Lead acquisition is a cost commonly scrutinized in marketing budgets. So much so that any senior B2B marketer will tell you the average cost of a lead is about $200. HubSpot concurs. In it’s 2017 Demand Generation Benchmarks Report, it also states that organizations with revenues under $500 million have a mean cost per lead of roughly $180; companies with revenues above $500 million spend more than double that, at roughly $430 per lead.
The cost goes up or down based on a variety of factors, including how qualified the lead is and whether it’s for marketing or sales. Other contributing factors include industry, company size and acquisition tactic.
Whether your leads are coming through your website, trade shows and events, lists, advertising or referrals, knowing how to get the most out of each lead will be key. Smart marketers know how to squeeze the juice out of each client who shows an interest in your product or service. They know that to minimize your cost per lead, increase conversions and drive revenue, you need to do these four things:
Leads need to be nurtured. With a proper nurturing sequence in place and a deep understanding of who your buyer is, what you’re selling and why it matters to them, your marketing team can create and deliver relevant, engaging content in a variety of formats. At each conversion point, new content nudges them through the buying journey, until they convert into a sales-qualified lead – or better yet, a customer. A higher conversion rate equals lower cost per lead.
One of the first places a prospect turns when researching a new service is the internet. And it’s a pretty big place to find information. A search on the term “book printers Canada” served up 16.6 million results.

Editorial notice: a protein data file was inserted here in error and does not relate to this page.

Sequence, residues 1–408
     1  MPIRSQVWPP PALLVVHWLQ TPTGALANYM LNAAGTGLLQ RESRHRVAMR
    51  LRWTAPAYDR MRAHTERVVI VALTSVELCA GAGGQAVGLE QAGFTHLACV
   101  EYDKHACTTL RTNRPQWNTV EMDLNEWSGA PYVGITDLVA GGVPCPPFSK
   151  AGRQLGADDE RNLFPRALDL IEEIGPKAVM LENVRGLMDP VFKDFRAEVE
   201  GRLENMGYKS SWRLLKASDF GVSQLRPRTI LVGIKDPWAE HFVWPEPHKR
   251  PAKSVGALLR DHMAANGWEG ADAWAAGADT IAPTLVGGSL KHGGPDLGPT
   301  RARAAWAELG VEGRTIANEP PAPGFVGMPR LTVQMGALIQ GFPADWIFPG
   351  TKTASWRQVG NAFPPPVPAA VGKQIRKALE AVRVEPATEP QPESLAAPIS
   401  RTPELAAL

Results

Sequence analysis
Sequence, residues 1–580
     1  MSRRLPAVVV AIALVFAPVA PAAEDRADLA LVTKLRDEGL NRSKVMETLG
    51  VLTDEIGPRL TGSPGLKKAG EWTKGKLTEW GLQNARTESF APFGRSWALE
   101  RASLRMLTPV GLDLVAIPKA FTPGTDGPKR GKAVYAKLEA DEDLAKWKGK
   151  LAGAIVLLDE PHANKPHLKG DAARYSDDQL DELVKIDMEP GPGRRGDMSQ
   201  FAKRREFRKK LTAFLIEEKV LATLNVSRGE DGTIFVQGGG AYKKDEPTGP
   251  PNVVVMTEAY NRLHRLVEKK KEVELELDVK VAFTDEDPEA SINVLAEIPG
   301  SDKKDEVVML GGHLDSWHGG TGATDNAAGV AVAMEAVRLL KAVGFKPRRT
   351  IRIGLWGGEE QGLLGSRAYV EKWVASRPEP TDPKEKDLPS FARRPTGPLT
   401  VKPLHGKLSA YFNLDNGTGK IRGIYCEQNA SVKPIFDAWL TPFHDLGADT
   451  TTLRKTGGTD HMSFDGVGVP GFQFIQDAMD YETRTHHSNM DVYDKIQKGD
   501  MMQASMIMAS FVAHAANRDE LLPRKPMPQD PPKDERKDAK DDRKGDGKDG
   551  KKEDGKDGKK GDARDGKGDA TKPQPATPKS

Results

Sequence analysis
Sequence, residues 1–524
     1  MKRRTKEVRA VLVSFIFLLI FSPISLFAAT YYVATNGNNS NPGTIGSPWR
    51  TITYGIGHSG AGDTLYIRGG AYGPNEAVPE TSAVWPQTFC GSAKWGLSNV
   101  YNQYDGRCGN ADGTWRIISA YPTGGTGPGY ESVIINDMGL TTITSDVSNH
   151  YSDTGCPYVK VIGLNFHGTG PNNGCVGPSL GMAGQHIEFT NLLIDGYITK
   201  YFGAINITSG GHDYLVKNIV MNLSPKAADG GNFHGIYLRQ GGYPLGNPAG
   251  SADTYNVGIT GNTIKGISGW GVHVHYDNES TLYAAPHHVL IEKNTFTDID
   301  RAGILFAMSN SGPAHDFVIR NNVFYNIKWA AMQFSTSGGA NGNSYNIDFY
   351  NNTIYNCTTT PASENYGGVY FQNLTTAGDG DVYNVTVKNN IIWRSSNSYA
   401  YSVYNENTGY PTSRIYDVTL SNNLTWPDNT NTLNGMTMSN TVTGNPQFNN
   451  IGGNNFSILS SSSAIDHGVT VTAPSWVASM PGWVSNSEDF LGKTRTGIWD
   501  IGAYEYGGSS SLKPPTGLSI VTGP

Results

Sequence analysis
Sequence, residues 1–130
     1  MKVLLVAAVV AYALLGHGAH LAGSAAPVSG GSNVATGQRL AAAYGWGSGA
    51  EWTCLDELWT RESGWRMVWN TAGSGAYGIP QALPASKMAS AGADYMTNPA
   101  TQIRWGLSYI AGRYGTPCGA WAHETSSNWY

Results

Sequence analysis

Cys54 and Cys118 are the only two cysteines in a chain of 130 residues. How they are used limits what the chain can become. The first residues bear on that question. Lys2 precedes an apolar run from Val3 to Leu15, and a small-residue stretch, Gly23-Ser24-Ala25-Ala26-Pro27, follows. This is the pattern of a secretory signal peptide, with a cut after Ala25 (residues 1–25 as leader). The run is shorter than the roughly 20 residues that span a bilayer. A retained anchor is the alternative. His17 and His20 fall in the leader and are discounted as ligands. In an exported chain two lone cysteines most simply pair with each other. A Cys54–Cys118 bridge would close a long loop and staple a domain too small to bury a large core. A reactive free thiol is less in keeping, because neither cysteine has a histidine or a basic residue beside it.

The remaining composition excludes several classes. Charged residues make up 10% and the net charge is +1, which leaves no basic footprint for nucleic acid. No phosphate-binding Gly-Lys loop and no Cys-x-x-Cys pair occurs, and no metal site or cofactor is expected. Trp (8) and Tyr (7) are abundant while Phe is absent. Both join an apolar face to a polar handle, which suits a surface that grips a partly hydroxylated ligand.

In order to be found, your website must be easy to navigate and deliver a message that resonates with buyers. The calls to action need to be clear, compelling and synchronous with your other lead-generating activities, including direct mail, advertising and paid search. The messaging should matter to your community and align with your social, public and corporate initiatives and activities.
Your CRM is where your customer’s prospect journey is recorded; it’s where marketing accesses the data necessary for any outbound and lead generating campaigns. But no matter how simple or robust the CRM solution, it’s only as good as the data it contains. The more you manage the flow of information and the more you allow the data to teach you, the more it can be leveraged to impact your bottom line. The data feeding your CRM—and your campaigns—can come from your website, customer support, finance, operations, and online communities.
It’s no secret that automation is critical to business growth and survival. Connecting systems and enabling them to communicate with each other improves efficiencies, streamlines workflows and cuts the risks and costs that come with human error. This holds equally true for marketing departments.
In a recent Forrester report, Marketing Automation Technology Forecast, 2017 to 2023 (Global), researchers predict marketing automation technology tool spending will reach $25.1 billion annually by 2023, up from $11.4 billion last year. This isn’t surprising when you look at Martech’s annual Marketing Technology Landscape Super Graphic (2018), which this year features nearly 7,000 marketing technology solutions.
Train your sales and marketing teams to recognize, differentiate and allocate leads that are sales qualified vs marketing qualified. Tell a story that engages your buying audience and creates the opportunity to grow the relationship. Feed your CRM with real-time data, from all sources, and create comprehensive, complementary campaigns using channels and tactics that matter to your customer. Maximize efficiency and minimize error by investing in the technology your company needs to test and measure success—and failures—and amplify your lead generating efforts.
Portions of this article have been published in Graphic Arts Magazine with permission